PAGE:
Simply defined, power is ability. When we say someone has the power to do something, what we really mean is that they either have the ability to accomplish that thing through their own actions or that they have the ability to cause that effect to happen.
Isn’t that ability exactly what we expect from our leaders?
There are really two types of power, neither intrinsically good nor bad. Both can be effective and are important for leaders to master.
It is important, however, to understand the difference and use them appropriately.
Most of us have been conditioned to think of power as something you use to force or control people and outcomes.
Which may be why there is so much consternation about the best way to empower people in our organizations.
Because we’ve all seen situations when people in a position to use force or control misused that power, and the outcomes weren’t pretty.
Wielding force or control over others is a form of external power. While this type of power is the most easily misused, that isn’t really why you should not depend on it to get things done.
An organization whose leadership is dependent on this type of power will soon notice that their leaders are tired, frustrated, and burned out while their teams are confused, fearful, disengaged, and defensive.
Even when it is used responsibly, exerting external power places a high demand on the leader’s energy and results in division and distrust between the leader and their team.
Dependence on external power is also at the root of some of the leadership traits most often cited as reasons for employee turnover or lack of employee engagement.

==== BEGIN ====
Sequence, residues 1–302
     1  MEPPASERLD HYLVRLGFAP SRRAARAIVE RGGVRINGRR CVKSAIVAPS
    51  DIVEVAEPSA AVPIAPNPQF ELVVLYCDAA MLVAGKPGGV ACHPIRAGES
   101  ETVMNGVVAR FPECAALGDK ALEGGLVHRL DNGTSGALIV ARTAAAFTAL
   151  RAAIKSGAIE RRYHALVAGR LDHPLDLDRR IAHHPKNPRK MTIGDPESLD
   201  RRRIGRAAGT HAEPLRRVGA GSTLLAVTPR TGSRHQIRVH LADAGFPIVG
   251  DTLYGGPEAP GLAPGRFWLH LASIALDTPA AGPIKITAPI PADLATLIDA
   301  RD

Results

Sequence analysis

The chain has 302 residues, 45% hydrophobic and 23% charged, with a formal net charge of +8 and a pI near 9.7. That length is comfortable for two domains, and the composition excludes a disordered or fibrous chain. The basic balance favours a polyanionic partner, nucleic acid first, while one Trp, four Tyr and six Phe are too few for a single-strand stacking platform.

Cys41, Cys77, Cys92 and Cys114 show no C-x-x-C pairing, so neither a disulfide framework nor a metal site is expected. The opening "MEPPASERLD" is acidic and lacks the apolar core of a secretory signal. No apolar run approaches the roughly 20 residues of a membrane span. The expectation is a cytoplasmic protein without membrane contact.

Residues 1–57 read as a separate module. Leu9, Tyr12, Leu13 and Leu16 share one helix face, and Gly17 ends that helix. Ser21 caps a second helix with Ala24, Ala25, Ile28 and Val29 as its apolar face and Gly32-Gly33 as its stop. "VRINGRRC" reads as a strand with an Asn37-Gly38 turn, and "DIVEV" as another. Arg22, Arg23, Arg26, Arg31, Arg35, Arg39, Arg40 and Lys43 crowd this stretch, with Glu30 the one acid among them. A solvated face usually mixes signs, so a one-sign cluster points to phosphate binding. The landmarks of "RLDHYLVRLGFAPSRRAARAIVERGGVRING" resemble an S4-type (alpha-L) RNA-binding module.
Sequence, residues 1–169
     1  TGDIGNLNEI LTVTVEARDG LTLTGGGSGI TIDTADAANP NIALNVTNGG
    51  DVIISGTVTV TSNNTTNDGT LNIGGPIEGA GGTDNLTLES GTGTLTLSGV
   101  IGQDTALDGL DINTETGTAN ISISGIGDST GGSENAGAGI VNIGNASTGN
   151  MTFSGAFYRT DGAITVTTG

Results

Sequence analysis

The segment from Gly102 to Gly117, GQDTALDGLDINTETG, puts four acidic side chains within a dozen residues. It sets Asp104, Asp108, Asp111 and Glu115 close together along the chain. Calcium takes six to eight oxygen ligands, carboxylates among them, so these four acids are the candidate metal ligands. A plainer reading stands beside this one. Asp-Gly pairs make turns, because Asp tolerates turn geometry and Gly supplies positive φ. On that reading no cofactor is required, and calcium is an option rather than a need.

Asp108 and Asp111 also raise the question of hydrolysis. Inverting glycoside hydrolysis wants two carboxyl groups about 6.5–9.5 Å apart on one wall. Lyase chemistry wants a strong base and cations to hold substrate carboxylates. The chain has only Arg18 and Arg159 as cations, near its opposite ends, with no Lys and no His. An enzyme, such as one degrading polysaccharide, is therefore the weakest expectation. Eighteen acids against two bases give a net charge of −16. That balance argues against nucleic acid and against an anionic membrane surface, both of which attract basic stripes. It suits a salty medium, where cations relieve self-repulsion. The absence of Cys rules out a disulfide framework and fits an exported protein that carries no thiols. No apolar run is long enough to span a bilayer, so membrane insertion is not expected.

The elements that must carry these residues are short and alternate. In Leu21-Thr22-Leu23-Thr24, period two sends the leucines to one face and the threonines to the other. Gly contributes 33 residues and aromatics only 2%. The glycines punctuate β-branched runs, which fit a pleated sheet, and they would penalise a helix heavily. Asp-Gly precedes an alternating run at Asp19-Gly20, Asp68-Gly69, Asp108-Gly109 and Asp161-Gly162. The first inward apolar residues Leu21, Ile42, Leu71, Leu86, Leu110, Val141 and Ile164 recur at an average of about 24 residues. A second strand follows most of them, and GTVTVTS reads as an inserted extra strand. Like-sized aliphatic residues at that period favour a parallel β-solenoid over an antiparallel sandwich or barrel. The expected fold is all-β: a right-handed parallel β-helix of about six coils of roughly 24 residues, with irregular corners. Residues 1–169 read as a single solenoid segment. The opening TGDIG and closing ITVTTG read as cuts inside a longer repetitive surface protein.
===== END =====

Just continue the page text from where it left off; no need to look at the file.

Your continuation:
Leaders who rely on external power tend to believe that people will respond more quickly and effectively to orders, criticism, and penalties for missing the mark.
These leaders are prone to micromanaging, manipulation, lack of communication and transparency, and lack of clear, attainable goals.
External power is unsustainable over any length of time because most leaders will burn out and most team members will emotionally disengage or leave.
Unlike external power, internal power is something that is developed through self-awareness and consistent, intentional shifts of thought, habit, and behavior.
Leaders who get results from this inner source of power have equal or greater ability to act or effect change, and they also have the ability to achieve results that external power can never accomplish.
Developing internal power, or personal
Leaders who are in possession of internal power are more confident without resorting to arrogance, more persuasive without resorting to manipulation, and more compassionate without resorting to passive-aggressive behavior.
Because these leaders do not need to resort to exerting force or control, they experience greater employee engagement, increased trust and interdependence with their teams and peers, and a heightened level of satisfaction and job fulfillment for themselves and those they lead.
Just as importantly they do not experience the energy drain or burnout that we usually see in leaders who believe they must rely on external sources of power.
External power is often used by people who are not in touch with their natural personal power or who are placed in a culture where the only recognized power is through the ability to force or control others.
It’s important to understand that leaders who use external power are not bad people, they aren’t even always bad leaders. But the results they achieve are neither ideal nor sustainable.
These same people, when their personal power is nurtured and accessible to them and the culture they are in supports true leadership, often become strong, effective leaders who are passionate, energized, engaged, and committed.
– prioritize the development and synthesis of individual talents,
– build a culture based on equality, inclusion, collaboration, and respectful, even joyful, human interaction,
– and achieve sustainable growth through fully empowered leadership…
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